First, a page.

There’s a longtime meme circulating in the business world, to the effect that one should fail fast, because we grow and learn more from failure than from success. At least, from early failure, or in many cases, testing raw ideas and methods. In creative circles, this has been labeled “fail faster.” It means we shouldn’t try to make things perfect up front, we should try out ideas and concepts to see what will best fit. The quicker we weed through our early failures, the more likely it is we’ll find the best elements of the thing we’re working on and succeed with the final version.
If the idea seems at first counterintuitive, there’s some other research suggesting why. Researchers published a paper last December that links social anxiety with a preoccupation of making mistakes. If further research holds this up, we have insight into the fear. Some of us don’t want to interact with each other because we’re afraid we’ll do or say the wrong thing.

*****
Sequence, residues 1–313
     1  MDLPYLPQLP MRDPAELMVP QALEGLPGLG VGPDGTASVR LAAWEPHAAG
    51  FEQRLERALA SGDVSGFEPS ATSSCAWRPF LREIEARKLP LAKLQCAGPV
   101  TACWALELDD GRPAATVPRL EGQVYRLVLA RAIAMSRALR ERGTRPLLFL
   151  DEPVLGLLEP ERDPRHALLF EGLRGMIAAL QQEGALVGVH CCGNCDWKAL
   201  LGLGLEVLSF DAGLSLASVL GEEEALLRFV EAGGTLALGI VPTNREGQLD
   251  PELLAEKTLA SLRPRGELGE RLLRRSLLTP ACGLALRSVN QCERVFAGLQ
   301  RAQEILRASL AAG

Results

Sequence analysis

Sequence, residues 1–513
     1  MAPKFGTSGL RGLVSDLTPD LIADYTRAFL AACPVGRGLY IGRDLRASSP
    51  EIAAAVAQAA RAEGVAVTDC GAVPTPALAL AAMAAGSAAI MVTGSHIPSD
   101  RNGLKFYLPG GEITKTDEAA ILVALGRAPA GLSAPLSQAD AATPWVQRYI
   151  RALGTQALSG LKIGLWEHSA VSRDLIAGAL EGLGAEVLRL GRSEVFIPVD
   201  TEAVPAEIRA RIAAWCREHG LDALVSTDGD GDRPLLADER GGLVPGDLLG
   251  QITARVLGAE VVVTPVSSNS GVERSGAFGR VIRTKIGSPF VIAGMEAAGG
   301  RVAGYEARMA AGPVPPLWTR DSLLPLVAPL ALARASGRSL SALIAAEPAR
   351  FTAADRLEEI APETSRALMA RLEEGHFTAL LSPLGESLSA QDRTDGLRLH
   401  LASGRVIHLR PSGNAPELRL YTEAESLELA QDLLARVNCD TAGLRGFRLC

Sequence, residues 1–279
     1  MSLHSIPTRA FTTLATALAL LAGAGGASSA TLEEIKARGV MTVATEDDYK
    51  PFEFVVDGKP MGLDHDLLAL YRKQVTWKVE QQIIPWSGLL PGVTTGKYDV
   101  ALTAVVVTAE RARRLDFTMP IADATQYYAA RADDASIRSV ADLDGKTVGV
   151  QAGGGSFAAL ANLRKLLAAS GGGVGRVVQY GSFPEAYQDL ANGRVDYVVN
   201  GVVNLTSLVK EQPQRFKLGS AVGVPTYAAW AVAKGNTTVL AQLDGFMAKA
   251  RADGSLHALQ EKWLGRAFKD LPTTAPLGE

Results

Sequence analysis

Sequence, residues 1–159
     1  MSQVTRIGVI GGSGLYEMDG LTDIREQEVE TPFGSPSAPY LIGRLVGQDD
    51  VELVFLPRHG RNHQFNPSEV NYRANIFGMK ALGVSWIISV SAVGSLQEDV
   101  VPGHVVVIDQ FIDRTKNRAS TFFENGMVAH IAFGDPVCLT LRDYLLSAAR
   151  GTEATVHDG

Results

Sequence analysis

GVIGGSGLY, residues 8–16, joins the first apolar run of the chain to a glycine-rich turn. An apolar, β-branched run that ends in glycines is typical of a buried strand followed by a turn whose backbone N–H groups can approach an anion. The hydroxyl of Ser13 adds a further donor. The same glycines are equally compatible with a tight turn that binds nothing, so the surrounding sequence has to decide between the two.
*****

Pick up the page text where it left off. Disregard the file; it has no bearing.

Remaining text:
But in art, there isn’t much that’s “the wrong thing.” You need to be better at trying new things, different things, crazy things than you were the day before. It’s openness to experimentation that knocks work into a new realm, a higher level. Make mistakes. Make them faster.
And if you fail, so what? That thing needed failing. It means you’ve got a clearer path to the work that will, well, work.